There’s one other big difference between credit cards and debit cards, and that has to do with security. Although both credit cards and debit cards have protective measures in place to help shield you from fraud, credit cards are usually the more secure financial tool. Nearly all major credit cards offer zero fraud liability, which means you won’t be responsible for paying off fraudulent or unauthorized charges.

Debit cards, on the other hand, come with different levels of liability, depending on how quickly you are able to report a lost or stolen debit card. If it takes you more than two business days to report a missing debit card or let your bank know about fraudulent charges, for example, you could be on the hook for as much as $500. This is why many financial experts recommend using credit cards over debit cards, especially when making purchases online, at gas stations or anywhere else that might be a potential fraud risk.

Important credit card terms

When considering applying for a credit card, there are many terms that may seem unfamiliar or confusing but understanding what they mean is key to finding the best card for your lifestyle. Here are some of the most common terms you may encounter:

Interest rate: Interest is a fee that banks charge on the line of credit they extend to their customers. Interest rates vary depending on the card and the credit score of the customer applying. You will be charged interest if you carry a balance from month to month.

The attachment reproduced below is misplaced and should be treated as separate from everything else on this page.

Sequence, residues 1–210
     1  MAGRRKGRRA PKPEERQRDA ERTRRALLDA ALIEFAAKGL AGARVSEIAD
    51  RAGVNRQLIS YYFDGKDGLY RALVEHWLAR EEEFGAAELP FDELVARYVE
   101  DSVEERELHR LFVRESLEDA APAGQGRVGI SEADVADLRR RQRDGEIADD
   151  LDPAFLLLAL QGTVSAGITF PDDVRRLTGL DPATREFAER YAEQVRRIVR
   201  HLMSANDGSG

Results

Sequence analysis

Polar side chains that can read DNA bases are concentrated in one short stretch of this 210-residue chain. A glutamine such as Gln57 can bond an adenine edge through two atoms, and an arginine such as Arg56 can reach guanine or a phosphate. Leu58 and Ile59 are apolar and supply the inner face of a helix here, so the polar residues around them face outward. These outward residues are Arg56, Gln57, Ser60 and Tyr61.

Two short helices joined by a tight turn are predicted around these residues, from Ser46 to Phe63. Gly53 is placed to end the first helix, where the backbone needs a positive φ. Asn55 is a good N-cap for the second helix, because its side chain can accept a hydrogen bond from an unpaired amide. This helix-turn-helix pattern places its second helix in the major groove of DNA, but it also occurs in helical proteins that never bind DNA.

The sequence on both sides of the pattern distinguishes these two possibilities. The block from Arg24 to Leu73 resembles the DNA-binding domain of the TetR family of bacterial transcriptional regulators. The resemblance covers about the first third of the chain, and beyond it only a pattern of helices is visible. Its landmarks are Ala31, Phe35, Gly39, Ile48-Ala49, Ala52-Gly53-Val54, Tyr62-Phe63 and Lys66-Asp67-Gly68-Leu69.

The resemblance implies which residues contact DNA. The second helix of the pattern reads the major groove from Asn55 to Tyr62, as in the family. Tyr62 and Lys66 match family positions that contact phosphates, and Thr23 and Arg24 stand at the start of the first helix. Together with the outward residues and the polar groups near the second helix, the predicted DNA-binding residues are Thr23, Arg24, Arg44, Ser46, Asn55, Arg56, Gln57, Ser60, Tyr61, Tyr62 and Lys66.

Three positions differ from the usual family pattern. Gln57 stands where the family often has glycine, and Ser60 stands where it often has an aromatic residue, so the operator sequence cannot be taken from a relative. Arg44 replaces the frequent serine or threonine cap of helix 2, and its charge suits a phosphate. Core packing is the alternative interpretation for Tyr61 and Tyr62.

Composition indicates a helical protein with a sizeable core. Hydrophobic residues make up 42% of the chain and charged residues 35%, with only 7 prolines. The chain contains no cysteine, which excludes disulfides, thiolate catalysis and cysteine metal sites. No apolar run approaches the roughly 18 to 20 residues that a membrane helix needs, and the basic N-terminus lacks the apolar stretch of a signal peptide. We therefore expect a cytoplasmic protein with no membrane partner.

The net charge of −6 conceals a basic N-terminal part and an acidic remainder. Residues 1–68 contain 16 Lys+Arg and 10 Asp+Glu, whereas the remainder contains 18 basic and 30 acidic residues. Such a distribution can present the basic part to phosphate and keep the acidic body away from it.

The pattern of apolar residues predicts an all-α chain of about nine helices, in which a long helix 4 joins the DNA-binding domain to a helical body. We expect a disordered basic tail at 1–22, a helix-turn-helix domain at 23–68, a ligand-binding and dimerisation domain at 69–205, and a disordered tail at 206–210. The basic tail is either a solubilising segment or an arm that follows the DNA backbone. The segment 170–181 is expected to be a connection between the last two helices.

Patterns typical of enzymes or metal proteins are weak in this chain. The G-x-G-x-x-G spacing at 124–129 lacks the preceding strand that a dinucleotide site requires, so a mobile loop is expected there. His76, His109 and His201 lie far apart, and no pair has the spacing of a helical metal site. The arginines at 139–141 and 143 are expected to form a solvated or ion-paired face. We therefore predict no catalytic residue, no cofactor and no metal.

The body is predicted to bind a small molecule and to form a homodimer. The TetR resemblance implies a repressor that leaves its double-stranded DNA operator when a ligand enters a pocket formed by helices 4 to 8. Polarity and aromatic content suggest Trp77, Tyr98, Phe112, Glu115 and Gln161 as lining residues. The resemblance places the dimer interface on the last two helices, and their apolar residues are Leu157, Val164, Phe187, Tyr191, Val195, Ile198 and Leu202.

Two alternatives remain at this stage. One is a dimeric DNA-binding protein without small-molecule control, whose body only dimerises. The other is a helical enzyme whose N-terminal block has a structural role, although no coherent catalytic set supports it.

• Annual percentage rate (APR): The APR of a credit card is another name for the interest rate. APRs typically range from 12 percent to more than 24 percent.
  • Credit limit: A credit limit is the spending limit on a credit card. For people with limited or no credit history, an initial credit limit may only be a few hundred dollars. For more veteran card owners, credit limits can be very high.
  • Credit score: A credit score is a rating that allows banks and credit card issuers to determine your creditworthiness. Ranging from 300 to 850, there are a number of factors that determine your credit score.
  • Credit card balance: A credit card balance is the amount of money you have spent on your credit card and what you owe to the credit card company at the end of your billing cycle.
  • Cash advance: A cash advance is when you use your credit card to withdraw cash. Cash advances are subject to high fees, have no grace period and are typically not recommended unless absolutely necessary.